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How COVID is Impacting International Students

Published August 5, 2020

Hear from our current student, Franco Mirolo, about how immigration and travel policies related to COVID impact him and other international students who are studying in the United States.

As many of you already know, an announcement made by Immigration and Customs Enforcement (ICE) on July 6 disrupted the academic expectations for many international students residing in the U.S. Thousands of foreign students in America were affected by the unexpected and unpleasant decision to withdraw the exception put in place in March, by which foreign students were allowed to remain in the country after most universities adopted a distance learning model.

By withdrawing this exception:

  • Many students were required to leave the country by the end of August, and many others would have been forced to leave during the fall semester in the event that universities were forced to resort to remote-only learning, as happened last spring.
  • This announcement generated chaos among students, universities, and staff in a time where (more) uncertainty was not needed.

Most international students have moved to this country in pursuit of their careers and aspirations, and being forcibly uprooted in the middle of their programs was not a trivial matter. Our lives have become bound to where we are studying and we could have lost so much more than a brief statement from ICE presumed. In most cases, it meant disrupting our education for which we worked so hard, pausing our network connections that were difficult to build, leaving behind friends and personal relationships that we made, and risking the career that we have always dreamed of.

For many students, moving back home and continuing their education in a similar manner is not an option. Most countries have closed their borders or shut down airports, making travel almost impossible. Many students would have not had the same resources back in their home country as here; some would have lacked a viable internet connection, others would have not had access to books and other materials that coursework requires, and some would have returned to environments afflicted by issues making it unsuitable for higher education, such as abusive home lives, conflict zones, or areas of widespread poverty.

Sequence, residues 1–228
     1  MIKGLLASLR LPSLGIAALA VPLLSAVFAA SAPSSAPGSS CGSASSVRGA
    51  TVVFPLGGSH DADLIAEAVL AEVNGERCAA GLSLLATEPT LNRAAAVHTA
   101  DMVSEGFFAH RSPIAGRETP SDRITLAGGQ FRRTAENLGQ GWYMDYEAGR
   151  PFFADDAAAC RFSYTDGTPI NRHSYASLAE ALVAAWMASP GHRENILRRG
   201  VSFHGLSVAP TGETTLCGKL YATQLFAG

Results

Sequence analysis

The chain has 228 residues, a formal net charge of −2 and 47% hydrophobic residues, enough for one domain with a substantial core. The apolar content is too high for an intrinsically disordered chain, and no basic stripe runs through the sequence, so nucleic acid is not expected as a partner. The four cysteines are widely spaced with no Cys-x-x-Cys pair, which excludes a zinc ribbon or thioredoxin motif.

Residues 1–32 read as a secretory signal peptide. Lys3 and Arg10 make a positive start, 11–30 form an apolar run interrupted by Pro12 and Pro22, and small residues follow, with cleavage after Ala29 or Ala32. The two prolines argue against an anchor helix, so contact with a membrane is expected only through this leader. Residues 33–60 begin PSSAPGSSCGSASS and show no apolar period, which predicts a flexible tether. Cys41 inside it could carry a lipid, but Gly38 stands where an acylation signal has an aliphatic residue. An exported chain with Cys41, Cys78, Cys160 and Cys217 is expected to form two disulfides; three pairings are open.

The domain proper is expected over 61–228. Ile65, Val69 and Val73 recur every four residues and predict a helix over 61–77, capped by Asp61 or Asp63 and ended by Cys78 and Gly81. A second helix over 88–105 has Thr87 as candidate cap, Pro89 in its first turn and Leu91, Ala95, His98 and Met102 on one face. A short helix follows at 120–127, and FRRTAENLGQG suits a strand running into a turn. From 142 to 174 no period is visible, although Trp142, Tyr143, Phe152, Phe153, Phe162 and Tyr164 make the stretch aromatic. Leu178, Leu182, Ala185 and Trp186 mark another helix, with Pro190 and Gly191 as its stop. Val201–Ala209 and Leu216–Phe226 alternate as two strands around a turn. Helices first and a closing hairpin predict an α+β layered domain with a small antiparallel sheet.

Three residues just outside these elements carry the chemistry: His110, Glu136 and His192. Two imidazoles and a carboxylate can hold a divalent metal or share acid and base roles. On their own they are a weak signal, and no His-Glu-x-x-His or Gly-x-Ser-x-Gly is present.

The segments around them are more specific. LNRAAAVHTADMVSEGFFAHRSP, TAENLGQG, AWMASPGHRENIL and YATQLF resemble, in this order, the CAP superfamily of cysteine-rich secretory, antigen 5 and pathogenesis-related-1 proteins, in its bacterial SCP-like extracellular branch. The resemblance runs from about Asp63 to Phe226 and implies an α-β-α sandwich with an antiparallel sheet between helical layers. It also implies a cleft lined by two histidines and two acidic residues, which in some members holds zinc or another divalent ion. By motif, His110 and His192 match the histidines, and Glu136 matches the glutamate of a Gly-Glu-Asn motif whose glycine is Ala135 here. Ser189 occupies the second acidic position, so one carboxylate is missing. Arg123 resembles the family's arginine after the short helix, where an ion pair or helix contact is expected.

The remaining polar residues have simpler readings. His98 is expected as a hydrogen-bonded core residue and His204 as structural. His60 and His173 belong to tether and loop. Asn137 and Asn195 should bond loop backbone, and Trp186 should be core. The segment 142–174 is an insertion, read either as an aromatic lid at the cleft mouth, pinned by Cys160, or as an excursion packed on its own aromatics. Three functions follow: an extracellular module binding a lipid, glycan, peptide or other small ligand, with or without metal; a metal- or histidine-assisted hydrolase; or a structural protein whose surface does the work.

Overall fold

Fortunately:

  • Universities and other student organizations came together to fight this unfair policy. Two days after it was issued, Harvard and MIT filed a lawsuit seeking to declare this rule illegal, and more than fifty universities filed an amicus brief in support of that litigation. Along similar lines, more than a dozen states sued the agency as well.
  • Other universities, like UB, immediately checked on their international student body and gave as many answers as they had, and took measures to assure that every student who wished to remain in the country had the option to take in-person or hybrid classes.

Less than a week after the guidance was issued, DHS settled the litigation with Harvard and MIT. The Department agreed to withdraw this policy, and maintain the exception that was put in place in March. This expedited settlement was a result of the effort made by universities, states, students, faculty, and staff who jointly contributed to put an end to this injustice. I am beyond thankful for the actions taken by everyone who, in one way or another, joined this fight. Once again, it has been proven through our actions these past weeks that united we stand.

Have questions for Franco? Check out his student ambassador profile for more information.

Franco Mirolo '21.

Franco Mirolo '21 is an Advanced Standing Two-Year J.D. student.  He holds an LL.B from Universidad Nacional de Cordoba in Argentina and an LL.M in Intellectual Property from OBS Business School - Universitat de Barcelona in Spain.

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